What's Next for YRC

YRC Worldwide won an important victory when a majority of Teamsters at its largest subsidiary voted to accept a second round of wage and benefits cuts. But while 58.5 percent of the Teamsters at national carrier YRC and regional carrier Holland approved the deal, a majority of Teamsters at regional carrier New Penn, who belong to a different bargaining unit, said “no.”

The agreement also was rejected Aug. 7 by a handful of union locals that have separate “white paper” contracts, and Teamsters at other YRC units, including regional LTL Reddaway and truckload carrier Glen Moore, have yet to vote. The Teamsters-YRC agreement provides for an election at those units within 30 days of the Aug. 7 ratification date.

Those votes aren’t likely to derail the agreement, which the Teamsters say will deliver $1.2 billion in total savings over the life of the National Master Freight Agreement, including more than $800 million in savings through the end of 2010.

However, the resistance to the plan at New Penn and some other locations means rolling it out and ensuring that all YRC Worldwide employees share the “equal sacrifice” demanded by the union won’t be as quick and easy as YRC Worldwide and the Teamsters might like.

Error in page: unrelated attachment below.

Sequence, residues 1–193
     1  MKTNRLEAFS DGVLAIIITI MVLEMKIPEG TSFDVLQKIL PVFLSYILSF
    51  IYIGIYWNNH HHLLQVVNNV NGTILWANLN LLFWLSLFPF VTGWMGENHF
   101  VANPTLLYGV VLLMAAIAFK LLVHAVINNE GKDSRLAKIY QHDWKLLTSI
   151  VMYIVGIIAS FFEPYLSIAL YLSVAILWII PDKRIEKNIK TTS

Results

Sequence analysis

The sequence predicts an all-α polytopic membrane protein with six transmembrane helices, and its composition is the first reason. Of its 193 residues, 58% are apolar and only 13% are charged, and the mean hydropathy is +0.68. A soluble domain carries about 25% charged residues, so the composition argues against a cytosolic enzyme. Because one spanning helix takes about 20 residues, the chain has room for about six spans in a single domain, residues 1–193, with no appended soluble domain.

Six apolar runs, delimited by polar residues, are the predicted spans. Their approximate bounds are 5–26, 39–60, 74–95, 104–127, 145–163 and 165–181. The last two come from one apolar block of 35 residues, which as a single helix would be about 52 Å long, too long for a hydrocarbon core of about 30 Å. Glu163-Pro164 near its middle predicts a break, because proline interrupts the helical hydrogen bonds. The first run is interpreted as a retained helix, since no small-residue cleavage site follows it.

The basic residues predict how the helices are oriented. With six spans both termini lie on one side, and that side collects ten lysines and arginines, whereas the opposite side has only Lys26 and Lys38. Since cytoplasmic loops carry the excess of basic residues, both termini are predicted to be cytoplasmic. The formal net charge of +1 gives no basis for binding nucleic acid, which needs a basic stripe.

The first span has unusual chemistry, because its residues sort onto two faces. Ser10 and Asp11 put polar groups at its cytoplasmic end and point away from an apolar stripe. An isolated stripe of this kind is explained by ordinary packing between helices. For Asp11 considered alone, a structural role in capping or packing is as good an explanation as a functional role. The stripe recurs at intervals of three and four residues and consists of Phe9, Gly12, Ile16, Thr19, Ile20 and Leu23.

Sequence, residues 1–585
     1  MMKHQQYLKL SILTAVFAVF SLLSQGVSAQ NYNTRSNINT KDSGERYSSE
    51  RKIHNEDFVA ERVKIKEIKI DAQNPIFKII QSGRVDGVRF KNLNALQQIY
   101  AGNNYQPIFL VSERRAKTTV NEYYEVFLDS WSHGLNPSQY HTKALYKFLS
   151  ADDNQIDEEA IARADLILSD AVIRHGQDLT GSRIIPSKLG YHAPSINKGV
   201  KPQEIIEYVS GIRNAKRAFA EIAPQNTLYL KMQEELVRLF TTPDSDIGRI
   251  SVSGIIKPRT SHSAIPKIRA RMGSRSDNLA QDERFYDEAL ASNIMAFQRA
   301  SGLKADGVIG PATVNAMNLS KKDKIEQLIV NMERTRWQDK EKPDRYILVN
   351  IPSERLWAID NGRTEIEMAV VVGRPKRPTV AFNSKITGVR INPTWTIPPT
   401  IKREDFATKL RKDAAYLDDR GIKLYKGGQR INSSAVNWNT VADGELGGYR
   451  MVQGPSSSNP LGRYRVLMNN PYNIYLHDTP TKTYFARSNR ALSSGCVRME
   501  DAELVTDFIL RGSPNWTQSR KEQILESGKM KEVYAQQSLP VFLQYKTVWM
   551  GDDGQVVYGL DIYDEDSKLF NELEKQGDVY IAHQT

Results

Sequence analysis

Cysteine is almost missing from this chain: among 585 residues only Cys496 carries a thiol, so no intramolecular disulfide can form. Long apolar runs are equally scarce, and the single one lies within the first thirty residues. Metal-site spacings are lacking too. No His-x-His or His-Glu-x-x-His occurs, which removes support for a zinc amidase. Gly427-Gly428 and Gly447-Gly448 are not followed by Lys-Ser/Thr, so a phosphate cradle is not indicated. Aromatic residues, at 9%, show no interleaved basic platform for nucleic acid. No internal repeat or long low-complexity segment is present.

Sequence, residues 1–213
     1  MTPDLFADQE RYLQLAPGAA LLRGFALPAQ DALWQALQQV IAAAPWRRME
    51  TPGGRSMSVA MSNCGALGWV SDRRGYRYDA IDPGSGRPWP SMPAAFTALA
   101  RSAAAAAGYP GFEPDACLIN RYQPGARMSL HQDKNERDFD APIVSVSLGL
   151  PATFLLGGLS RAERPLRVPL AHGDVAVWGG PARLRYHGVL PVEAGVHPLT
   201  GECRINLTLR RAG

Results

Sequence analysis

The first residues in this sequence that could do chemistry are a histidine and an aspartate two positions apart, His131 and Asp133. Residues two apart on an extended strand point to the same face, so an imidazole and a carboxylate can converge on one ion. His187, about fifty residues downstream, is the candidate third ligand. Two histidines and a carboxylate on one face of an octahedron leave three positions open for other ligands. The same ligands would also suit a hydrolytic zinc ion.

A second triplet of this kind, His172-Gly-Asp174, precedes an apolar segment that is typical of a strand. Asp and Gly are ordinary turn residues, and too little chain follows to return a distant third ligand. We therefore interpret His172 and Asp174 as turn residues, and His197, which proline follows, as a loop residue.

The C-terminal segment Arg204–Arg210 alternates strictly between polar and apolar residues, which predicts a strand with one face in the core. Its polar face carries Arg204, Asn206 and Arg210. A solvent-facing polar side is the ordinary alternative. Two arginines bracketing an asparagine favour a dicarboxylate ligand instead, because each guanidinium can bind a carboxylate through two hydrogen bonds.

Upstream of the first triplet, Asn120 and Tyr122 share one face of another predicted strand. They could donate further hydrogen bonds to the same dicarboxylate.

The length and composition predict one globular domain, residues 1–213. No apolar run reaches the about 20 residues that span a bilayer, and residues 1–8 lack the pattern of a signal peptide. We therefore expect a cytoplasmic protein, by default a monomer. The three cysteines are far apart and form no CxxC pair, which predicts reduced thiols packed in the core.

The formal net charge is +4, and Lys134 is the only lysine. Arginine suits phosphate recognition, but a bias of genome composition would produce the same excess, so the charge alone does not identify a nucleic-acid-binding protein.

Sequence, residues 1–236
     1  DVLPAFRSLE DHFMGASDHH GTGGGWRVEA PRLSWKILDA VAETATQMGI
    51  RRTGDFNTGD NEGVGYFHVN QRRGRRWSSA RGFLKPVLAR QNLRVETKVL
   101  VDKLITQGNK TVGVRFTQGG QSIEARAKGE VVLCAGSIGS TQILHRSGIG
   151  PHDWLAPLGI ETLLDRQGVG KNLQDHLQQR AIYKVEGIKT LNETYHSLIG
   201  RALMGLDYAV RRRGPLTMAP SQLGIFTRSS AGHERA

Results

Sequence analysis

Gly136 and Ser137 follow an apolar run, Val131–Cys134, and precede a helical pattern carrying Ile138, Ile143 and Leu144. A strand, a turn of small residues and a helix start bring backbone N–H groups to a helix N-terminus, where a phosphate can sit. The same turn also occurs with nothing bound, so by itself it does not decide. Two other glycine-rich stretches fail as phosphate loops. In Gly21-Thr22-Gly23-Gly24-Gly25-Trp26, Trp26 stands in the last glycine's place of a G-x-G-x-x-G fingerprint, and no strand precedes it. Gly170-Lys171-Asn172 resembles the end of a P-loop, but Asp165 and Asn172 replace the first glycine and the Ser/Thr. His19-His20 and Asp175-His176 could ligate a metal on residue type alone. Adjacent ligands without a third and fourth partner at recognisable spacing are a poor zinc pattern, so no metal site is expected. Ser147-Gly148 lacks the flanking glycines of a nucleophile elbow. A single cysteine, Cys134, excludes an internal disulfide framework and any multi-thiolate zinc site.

“As with prior ratification elections,” the Teamsters and YRC will have to negotiate with the locals that rejected the agreement, the company said. The company and union will want to move quickly to address the concerns of those locals and get the agreement, which is retroactive to Aug. 1, in place.

The union traded a 15 percent overall wage cut and 18-month suspension of pension payments for the option to purchase up to 35 percent of the company, a seat on its board and an unprecedented say in YRC Worldwide’s management. The company expects the agreement will save it $45 million a month in the remainder of 2009 and about $50 million a month next year.

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